Another non-repairs related example is noise-nuisance ASB cases, of which we have around 300 each year. Each case can take between two days and three weeks to investigate. It can be very distressing for the victim and very expensive for us. Imagine if every property had a sensor that could measure the level of noise within it. When a tenant living in a block of flats calls to complain that his neighbour was playing loud music late at night, the contact centre could access the sonic data and see not only the noise level but also exactly when the music started and when it ended. In addition, you would know not only the noise level in the property of the person playing the music but also the noise that could be heard in the flats on either side, above and below. An ASB case could be dealt with in minutes, even when the complainant wasn’t entirely sure where the noise was coming from. In Solihull, we could save up to £36,000 per year if we had these sorts of sensors in our properties.
It seems to me that the key question at this point is, can we purchase smart sensors that can detect noise levels, carbon monoxide, dust, humidity, methane and vibrations at an affordable price? Stewart Davison from Capita has been looking at this question.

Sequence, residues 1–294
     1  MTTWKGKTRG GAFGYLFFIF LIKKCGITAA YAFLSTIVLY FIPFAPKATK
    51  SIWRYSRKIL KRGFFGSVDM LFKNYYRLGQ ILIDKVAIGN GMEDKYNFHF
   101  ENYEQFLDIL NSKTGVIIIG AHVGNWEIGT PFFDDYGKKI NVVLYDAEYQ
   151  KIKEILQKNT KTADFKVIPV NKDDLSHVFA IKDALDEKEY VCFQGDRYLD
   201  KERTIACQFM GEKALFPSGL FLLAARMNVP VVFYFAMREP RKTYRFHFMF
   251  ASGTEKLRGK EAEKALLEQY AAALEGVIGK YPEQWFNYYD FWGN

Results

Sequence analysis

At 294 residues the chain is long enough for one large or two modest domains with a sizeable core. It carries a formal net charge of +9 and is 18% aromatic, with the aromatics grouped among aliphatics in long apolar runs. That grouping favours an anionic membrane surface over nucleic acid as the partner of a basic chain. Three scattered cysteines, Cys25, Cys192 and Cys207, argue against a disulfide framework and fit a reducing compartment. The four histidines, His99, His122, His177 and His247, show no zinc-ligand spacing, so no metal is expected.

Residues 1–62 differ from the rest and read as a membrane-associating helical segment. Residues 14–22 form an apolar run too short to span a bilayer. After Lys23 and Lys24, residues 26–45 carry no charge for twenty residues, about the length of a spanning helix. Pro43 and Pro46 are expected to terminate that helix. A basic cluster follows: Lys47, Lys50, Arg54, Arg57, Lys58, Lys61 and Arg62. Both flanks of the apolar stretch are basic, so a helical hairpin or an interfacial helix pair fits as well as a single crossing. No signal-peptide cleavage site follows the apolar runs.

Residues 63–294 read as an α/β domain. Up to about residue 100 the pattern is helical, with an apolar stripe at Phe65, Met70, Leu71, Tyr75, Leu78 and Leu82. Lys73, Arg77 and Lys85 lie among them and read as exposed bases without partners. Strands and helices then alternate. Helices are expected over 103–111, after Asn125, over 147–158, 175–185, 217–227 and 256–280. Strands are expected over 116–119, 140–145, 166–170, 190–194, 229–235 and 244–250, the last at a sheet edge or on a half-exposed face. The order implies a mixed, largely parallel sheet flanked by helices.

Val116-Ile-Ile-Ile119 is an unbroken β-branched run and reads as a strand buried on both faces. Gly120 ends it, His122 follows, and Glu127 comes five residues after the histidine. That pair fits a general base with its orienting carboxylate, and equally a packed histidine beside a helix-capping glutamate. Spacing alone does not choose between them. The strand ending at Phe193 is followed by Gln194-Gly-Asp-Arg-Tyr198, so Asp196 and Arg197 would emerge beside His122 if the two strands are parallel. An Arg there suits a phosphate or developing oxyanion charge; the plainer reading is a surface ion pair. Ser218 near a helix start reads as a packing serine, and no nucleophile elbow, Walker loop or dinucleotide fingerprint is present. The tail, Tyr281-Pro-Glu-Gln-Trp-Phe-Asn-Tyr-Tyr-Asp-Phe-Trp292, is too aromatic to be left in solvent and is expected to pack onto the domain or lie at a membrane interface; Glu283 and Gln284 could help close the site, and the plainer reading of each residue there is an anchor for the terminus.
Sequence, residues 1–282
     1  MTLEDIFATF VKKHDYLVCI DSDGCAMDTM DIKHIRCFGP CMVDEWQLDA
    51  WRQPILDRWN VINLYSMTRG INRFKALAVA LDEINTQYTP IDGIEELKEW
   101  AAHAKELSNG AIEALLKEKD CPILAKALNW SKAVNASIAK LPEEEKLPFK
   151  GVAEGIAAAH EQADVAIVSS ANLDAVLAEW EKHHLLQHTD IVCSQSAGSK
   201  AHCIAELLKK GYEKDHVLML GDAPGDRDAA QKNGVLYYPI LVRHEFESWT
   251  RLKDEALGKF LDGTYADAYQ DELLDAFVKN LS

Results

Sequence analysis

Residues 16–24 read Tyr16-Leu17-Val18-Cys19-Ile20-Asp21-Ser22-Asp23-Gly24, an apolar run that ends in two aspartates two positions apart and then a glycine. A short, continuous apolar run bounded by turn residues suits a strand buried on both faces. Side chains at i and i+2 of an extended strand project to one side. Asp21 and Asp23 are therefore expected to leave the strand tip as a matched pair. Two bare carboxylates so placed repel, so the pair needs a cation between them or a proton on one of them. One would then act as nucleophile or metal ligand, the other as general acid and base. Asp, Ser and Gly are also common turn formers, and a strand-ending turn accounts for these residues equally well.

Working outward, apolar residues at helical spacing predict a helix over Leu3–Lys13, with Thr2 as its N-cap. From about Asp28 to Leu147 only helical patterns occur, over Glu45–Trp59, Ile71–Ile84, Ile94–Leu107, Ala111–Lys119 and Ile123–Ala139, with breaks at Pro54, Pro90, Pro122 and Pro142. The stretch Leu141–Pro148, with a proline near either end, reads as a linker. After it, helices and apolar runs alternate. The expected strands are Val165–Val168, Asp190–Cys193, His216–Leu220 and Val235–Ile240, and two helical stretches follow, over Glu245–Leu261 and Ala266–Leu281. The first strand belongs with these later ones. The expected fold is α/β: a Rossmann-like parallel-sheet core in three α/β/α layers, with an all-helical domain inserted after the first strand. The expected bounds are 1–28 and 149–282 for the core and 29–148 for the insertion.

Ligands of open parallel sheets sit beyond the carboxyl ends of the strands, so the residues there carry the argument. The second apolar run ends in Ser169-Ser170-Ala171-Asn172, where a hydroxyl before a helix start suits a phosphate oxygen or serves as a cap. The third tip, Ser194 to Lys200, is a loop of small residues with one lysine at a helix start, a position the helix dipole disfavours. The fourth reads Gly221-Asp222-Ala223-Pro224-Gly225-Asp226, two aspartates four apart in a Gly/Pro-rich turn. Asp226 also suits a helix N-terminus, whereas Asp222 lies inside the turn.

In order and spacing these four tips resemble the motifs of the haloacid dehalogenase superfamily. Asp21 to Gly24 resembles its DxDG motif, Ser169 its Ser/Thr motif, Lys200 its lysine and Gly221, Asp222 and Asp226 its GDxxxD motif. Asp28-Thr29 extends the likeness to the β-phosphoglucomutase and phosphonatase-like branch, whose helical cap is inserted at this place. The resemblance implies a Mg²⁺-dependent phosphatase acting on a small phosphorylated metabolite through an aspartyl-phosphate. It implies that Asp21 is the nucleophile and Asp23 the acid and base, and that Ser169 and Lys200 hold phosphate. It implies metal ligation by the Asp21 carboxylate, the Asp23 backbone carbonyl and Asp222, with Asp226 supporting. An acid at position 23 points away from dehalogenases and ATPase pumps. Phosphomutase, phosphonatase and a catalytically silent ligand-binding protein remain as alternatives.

The how: the technology behind IoT and making it a reality
The technology surrounding IoT can be confusing. Do you look at devices with open standards or do you choose a more ‘closed loop’ environment to mitigate any security issues. What do you want to focus on – the property, with smarter asset management, the person, with sheltered and extra care, or a blend of both? How then to find an IoT solution with the technology that ‘fits’ with the reality of social housing?
As a software supplier, you would expect Capita to focus more on how the data produced by IoT sensors could be used within systems such as housing, asset and contractor management, and we have been doing exactly that, looking at the operational processes Chris mentioned earlier.
Initially though, our focus was on the hardware and physical infrastructure associated with a stable and effective IoT offering and how they could be delivered as a commercial package. Some of the areas we looked at included the ease of deploying sensor packages, the security of data transmissions and wi-fi vs. GSM, what sensors to include in the package, and how to create a cost effective solution for an emerging technology that has the capability to grow.